Will Penalties in Special Measures Law Revision Help Control Infections?

Are penalties on restaurants essential for controlling the spread of the novel coronavirus? Whether they should be introduced must be debated calmly.

The government plans to submit a bill to revise the special measures law to cope with new strains of influenza to the ordinary Diet session. It is seeking the cooperation of the opposition parties and is aiming for early passage.

The number of infected people is rapidly increasing, and the medical system is under pressure. The government’s responses have been lagging behind, and effective measures are limited. The government apparently wants to emphasize its commitment to curbing infections by coming up with stronger measures.

The main pillar of the proposed revision is the introduction of penalties. Governors will be able to order eating and dining establishments to suspend operations or to shorten their business hours, and administrative fines will be imposed if an order is not complied with. The law will also stipulate that financial support will be provided to businesses that cooperate.

Under the current law, businesses are asked to voluntarily cooperate in suspending operations: There is no compulsion to do so. The introduction of penalties seems to be aimed at increasing the effectiveness of the measures.

However, careful consideration must be made when it comes to increasing restrictions on private rights. Are there rational grounds to conclude that penalties will lead to countering infections? The government must carefully explain this matter to the public.

It is the National Governors’ Association that has been calling for a revision of the law that would stipulate penalties.

Governors, who are dealing with the crisis directly, may be seeking greater authority. However, there are many restaurants and it is not easy to apply penalties fairly. The first priority must be the central and local governments working closely together to increase confidence in responses to measures against the infectious disease and to gain understanding from businesses.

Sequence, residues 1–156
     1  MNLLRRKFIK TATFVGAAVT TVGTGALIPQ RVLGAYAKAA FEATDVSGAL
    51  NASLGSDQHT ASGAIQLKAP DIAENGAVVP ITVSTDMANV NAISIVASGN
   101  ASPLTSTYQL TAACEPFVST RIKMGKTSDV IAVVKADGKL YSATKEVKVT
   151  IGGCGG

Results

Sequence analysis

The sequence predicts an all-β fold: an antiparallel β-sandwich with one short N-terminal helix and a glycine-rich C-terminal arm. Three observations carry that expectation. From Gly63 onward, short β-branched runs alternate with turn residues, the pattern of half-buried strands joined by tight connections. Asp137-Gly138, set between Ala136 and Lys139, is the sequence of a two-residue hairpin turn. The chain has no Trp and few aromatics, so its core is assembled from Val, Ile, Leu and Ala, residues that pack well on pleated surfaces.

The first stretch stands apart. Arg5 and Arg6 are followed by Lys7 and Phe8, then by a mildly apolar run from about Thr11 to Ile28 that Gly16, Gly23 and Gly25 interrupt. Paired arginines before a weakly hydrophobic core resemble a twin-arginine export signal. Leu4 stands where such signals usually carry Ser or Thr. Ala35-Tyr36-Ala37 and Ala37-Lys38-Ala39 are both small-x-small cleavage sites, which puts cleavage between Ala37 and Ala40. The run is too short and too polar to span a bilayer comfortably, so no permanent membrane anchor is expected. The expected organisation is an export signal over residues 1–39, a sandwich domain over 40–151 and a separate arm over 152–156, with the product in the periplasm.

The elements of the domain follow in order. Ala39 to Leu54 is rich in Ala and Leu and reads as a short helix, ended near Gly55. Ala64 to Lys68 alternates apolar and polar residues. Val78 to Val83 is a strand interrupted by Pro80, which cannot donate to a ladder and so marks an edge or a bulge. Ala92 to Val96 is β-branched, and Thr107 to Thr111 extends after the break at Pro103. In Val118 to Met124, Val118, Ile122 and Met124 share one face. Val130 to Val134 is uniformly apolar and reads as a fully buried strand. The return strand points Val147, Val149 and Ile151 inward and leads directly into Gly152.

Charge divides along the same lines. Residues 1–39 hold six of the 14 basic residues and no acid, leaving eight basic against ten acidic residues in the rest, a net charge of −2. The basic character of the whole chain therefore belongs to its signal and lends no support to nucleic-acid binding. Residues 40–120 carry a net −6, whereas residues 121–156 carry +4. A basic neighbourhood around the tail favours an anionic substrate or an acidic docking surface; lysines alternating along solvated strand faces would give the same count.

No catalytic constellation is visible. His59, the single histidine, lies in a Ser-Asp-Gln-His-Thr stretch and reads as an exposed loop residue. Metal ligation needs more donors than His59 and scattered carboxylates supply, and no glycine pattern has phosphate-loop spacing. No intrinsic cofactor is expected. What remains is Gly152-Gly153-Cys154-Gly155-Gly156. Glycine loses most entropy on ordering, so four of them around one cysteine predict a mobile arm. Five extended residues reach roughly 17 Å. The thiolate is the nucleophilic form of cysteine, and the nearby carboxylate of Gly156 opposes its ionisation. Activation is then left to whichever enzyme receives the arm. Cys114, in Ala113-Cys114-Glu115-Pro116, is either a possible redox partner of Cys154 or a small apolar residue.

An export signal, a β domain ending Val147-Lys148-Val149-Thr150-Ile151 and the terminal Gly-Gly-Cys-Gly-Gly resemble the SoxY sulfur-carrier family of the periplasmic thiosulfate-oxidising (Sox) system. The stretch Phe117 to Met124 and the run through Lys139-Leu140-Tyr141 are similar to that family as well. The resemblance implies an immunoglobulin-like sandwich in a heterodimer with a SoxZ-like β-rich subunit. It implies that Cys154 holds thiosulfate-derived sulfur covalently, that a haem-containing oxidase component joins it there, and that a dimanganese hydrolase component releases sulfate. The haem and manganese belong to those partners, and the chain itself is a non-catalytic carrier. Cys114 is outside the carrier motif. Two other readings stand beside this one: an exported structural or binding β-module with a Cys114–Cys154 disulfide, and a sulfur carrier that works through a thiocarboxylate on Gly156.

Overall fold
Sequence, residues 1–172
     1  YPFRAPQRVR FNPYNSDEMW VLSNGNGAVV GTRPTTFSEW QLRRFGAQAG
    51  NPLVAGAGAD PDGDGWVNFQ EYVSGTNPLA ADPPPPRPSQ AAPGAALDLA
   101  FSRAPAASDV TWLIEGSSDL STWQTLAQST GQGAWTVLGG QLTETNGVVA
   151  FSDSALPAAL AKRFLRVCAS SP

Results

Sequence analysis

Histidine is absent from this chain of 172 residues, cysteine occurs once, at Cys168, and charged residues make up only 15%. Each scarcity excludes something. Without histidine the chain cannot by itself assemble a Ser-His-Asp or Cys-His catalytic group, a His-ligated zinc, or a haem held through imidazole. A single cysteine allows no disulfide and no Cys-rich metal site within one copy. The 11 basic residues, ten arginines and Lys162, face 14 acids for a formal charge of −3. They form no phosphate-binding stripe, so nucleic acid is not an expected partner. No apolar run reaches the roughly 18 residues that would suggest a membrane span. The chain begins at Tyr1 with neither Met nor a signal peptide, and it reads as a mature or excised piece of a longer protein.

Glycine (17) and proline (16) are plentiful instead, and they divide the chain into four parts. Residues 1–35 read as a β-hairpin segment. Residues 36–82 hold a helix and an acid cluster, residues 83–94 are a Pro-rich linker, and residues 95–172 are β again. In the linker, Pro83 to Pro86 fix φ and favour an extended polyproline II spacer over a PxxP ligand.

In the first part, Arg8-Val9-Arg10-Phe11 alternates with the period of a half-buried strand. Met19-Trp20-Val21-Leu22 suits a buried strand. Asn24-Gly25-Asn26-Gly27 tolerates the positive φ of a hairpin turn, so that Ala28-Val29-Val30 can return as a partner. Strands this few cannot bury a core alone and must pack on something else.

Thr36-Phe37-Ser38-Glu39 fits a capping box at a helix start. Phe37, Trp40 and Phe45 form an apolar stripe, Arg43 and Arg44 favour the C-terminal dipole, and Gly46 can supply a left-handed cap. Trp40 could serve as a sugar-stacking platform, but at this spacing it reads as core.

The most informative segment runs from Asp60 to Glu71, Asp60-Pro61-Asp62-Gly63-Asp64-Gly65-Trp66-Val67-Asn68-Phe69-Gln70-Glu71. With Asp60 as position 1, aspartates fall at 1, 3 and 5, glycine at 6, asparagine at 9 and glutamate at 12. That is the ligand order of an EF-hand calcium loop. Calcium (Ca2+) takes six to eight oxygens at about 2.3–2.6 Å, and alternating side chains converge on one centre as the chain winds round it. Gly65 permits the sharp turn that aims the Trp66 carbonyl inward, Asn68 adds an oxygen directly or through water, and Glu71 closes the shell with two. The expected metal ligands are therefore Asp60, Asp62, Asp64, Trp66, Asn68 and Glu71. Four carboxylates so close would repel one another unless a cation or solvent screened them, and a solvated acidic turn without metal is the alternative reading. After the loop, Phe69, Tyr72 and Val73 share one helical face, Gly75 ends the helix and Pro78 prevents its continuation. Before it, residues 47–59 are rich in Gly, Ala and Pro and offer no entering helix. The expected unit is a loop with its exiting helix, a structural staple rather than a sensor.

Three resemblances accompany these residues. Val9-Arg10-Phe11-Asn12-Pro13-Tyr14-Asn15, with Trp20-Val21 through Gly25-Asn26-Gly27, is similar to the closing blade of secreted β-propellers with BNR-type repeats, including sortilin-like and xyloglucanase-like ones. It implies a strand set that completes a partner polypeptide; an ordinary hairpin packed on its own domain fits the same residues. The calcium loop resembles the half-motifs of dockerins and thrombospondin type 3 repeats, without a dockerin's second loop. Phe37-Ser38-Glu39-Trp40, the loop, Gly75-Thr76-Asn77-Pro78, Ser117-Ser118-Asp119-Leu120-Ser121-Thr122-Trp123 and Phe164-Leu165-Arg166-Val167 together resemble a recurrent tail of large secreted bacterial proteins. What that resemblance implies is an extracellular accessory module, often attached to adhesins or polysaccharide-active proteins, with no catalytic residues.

The government intends to provide up to ¥60,000 per day as cooperation money for restaurants that respond to requests for shortened opening hours.

Some businesses may not be able to comply with the request if they want to maintain their business and continue employing their staff. The government needs to work out the appropriate level of benefits.

The government is considering revising the Infectious Diseases Law to impose criminal penalties, including imprisonment, on coronavirus patients who fail to comply with a hospitalization order or who leave the hospital.

There are concerns that using the threat of penalties to make patients self-isolate may arouse feelings of discrimination among the public. It would have the opposite effect if some people do not seek medical treatment for fear of discrimination or hide the fact that they are infected even after it is discovered.

Even though compulsory hospitalizations are being considered, the reality is that an increasing number of people are forced to stay at home to recover because there are no available beds in hospitals or vacancies at designated accommodation facilities. It is more important for the central and local governments to speed up the securing of hospital beds and the expansion of support for people undergoing treatment.

As the infection situation worsens, the tendency is to believe that restrictions on private rights are unavoidable, but careful thought must be given so that the revised law will not go too far.